This is largely done in the Spirit of the Patriot Act, passed in 2001 under President Bush. This legislation essentially calls less privacy and blanket surveillance in the name of “National Security” and within the framework of the law, allows the Government to suspend or ignore some of the protections afforded to citizens – not necessarily to’ assume more control’ over them, but to better keep them safe and/or protected.
— Dr. Jill Stein🌻 (@DrJillStein) March 22, 2016
Idealism is useless and I am not going to argue any sort of morality about the facts above, and I am certainly not implying that federal employees are all ‘bad guys’ or ‘the enemy’ or anything like this, but legally speaking it is still technically illegal for the government to be doing what they are doing. I may understand why they do it but this does not mean I think it is justified, and I am not alone.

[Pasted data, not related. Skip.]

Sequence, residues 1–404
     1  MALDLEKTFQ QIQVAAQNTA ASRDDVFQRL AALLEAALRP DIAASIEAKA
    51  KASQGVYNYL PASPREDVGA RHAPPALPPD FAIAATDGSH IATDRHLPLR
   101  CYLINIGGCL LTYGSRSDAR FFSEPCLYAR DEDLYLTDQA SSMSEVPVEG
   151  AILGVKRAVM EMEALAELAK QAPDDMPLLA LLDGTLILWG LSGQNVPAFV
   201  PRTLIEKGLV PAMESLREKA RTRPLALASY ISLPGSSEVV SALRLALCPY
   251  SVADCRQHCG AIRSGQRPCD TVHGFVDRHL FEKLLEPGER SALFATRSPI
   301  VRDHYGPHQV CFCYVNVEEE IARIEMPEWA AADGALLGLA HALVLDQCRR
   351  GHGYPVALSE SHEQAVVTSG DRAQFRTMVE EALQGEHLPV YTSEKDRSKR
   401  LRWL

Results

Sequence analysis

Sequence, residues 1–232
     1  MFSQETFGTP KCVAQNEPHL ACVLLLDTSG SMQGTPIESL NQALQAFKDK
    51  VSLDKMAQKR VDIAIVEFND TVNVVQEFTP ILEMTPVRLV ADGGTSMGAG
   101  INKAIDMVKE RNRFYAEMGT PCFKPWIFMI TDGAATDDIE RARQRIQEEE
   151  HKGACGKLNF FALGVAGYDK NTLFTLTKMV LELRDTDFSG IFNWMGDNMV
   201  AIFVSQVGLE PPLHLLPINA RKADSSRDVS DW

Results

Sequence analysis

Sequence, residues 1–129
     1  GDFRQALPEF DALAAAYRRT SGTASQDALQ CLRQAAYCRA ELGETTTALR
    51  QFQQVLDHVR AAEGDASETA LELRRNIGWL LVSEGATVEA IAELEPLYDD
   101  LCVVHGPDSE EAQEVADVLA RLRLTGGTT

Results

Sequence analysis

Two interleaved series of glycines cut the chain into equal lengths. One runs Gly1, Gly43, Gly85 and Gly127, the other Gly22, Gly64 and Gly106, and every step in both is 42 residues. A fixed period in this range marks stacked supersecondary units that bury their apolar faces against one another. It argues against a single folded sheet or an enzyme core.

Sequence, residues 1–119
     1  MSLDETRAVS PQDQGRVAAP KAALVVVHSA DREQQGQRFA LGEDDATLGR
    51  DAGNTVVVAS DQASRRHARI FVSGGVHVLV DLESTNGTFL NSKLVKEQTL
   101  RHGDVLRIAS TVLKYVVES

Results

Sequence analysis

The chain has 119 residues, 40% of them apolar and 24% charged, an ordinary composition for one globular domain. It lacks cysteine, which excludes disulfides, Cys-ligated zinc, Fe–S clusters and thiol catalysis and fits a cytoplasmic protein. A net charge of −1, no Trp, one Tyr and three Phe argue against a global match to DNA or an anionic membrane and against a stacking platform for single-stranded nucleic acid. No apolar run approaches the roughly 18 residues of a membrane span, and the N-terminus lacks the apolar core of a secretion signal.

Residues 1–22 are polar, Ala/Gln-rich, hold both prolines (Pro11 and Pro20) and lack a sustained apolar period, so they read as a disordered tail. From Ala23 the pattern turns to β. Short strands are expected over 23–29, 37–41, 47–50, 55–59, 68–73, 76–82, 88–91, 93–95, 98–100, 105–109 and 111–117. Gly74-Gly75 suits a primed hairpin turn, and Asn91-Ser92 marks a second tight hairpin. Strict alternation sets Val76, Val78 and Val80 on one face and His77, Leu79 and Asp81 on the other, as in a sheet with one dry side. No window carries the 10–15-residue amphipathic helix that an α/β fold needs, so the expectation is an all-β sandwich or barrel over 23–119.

Sitting United States Senators, such as Rand Paul, have literally sued the United States government for this same behavior.
Rand Paul's NSA Lawsuit Helps Him Lay Claim To A Big Issue http://t.co/xmKOxHNfXF
— NPR (@NPR) February 14, 2014
For the sake of this article, Paul went on to lose his case and fighting back against mass surveillance has become a bit more a dead issue sine 2014. However, even though Paul went to court and lost, he did not include any of the arguments I am presenting here today in this article.